Synthetic graphite prices were $5-7/kg compared to Swiss border terms of $7-20/kg, the source added. Prices on the IM database however remain unchanged as not all sources corroborated with the lower prices at the time of going to press.

Indian prices stabilising

Prices for all grades in India have been steady since June, with demand for graphite material remaining stable, local sources said.

Declining exports had triggered uncertainty over the security of graphite supplies to India from China, which has supported internal demand for local material, Indian market participants said.

“China remains an unreliable, emergency source for many companies in India,” one source told IM, adding that this had helped to level out the downward trend in prices which began in May.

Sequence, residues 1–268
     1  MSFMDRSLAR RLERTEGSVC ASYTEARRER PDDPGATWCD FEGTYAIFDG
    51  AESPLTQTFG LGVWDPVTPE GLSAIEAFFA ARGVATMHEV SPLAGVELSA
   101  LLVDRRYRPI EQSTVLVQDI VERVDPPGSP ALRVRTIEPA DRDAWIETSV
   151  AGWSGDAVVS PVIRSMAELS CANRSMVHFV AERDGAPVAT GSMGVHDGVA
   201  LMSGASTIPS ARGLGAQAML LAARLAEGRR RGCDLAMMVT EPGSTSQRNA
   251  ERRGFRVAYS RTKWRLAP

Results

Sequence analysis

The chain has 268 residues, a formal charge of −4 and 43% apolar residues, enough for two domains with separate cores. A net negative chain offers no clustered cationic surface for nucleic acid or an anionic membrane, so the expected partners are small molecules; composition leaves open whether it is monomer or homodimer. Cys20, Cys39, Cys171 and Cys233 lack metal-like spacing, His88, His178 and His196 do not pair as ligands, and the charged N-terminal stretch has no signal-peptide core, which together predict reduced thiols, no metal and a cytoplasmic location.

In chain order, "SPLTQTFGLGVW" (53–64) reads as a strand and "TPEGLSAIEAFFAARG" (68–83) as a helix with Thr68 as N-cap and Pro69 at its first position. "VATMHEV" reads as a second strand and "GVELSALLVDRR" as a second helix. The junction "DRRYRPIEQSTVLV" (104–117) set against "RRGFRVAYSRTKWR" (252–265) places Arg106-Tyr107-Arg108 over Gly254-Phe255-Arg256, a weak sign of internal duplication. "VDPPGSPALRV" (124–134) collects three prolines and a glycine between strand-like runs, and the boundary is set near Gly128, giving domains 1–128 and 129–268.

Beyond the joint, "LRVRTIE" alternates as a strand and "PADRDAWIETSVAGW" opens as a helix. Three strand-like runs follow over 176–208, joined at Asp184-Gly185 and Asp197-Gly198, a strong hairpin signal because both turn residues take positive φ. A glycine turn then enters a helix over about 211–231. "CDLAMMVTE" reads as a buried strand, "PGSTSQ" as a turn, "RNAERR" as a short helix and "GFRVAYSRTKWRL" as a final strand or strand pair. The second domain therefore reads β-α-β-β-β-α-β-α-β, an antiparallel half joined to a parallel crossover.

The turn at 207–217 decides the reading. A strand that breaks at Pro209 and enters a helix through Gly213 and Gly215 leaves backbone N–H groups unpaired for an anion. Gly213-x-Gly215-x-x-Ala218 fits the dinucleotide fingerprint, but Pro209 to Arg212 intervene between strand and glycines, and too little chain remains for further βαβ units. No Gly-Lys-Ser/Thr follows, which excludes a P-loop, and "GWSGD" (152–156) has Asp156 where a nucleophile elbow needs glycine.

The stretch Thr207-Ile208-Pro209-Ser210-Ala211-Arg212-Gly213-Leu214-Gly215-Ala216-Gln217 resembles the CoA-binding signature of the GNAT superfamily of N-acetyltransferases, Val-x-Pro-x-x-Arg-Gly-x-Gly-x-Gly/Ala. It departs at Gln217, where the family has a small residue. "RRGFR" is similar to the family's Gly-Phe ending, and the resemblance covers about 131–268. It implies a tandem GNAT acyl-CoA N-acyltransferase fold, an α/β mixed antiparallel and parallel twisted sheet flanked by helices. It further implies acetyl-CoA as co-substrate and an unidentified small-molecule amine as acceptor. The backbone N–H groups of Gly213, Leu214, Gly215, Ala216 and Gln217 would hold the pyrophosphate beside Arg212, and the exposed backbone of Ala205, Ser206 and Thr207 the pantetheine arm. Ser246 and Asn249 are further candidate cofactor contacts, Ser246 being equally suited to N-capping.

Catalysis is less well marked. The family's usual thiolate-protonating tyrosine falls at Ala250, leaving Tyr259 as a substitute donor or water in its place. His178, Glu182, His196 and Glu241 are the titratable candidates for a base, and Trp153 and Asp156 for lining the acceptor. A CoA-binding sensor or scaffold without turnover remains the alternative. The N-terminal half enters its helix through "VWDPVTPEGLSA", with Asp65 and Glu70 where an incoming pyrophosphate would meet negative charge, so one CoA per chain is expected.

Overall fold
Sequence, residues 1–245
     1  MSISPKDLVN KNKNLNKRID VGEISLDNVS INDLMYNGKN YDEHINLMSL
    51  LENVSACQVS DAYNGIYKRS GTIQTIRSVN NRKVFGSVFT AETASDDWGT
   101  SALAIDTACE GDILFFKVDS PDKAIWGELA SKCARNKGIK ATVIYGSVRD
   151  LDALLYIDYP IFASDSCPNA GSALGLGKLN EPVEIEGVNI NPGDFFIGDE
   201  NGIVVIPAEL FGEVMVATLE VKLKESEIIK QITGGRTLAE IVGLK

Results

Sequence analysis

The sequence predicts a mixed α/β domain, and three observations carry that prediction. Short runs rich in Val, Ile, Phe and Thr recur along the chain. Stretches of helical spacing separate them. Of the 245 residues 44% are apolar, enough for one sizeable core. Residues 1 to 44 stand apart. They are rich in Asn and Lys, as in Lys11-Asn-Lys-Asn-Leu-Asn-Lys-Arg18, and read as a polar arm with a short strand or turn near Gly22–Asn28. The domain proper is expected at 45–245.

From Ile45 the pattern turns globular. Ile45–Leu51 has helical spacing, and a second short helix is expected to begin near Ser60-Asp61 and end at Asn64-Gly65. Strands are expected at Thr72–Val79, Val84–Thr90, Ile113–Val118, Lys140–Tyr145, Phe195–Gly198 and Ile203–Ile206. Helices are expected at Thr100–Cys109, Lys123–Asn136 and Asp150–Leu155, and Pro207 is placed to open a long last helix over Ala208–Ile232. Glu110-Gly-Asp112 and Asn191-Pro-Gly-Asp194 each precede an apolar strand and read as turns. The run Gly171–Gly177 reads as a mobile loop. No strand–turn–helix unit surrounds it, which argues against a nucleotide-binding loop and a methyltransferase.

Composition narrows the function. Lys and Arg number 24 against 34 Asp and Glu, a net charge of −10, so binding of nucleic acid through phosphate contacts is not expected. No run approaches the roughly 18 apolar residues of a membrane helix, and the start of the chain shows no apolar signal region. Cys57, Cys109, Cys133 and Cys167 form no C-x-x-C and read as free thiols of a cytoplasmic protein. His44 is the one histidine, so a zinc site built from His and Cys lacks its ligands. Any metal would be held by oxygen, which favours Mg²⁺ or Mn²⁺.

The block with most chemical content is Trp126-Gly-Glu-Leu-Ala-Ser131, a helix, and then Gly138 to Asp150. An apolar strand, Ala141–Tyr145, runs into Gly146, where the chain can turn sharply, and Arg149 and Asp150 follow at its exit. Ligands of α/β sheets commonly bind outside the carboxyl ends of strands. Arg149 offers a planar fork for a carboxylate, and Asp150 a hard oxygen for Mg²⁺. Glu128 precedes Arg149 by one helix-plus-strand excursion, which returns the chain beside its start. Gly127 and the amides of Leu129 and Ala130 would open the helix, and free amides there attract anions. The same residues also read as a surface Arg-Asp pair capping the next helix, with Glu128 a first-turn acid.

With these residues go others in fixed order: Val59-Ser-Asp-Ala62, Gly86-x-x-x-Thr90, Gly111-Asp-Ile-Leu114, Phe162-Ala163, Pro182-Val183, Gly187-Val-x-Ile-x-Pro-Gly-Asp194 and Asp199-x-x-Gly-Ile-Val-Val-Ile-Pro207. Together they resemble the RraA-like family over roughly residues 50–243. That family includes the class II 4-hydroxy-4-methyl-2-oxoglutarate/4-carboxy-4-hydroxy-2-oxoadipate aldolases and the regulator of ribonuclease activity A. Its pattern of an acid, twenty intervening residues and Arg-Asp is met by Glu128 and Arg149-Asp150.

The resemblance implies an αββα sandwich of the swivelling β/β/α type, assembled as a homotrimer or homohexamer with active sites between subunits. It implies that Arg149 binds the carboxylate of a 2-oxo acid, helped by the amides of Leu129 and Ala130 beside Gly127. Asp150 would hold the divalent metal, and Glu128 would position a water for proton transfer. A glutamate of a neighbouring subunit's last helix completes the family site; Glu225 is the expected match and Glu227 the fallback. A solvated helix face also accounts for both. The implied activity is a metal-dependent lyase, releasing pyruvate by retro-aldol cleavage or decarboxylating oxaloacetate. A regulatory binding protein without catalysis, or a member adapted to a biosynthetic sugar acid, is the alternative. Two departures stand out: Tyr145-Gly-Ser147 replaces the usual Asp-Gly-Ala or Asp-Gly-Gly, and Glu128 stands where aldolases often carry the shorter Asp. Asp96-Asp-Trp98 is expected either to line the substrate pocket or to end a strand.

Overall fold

Fluorspar prices were steady despite weak demand from China and elsewhere, market sources told IM.

Chinese sources indicated that prices were leaning towards the upper end of IM’s current ranges.

However, this trend was not observed outside China, industry observers said.

Both European and North American sources said that they could not confirm any upward movement of prices for either acid grade (acidspar) or metallurgical grade fluorspar (metspar).

“The overall market sentiment is quite the opposite,” one market participant said. “Demand in both China and elsewhere is pretty weak. Therefore I don’t see any price increase.”

Another source said that it had seen prices within IM’s current ranges for acidspar, while a European-focused source said that prices for European fluorspar were stable despite challenging economic conditions.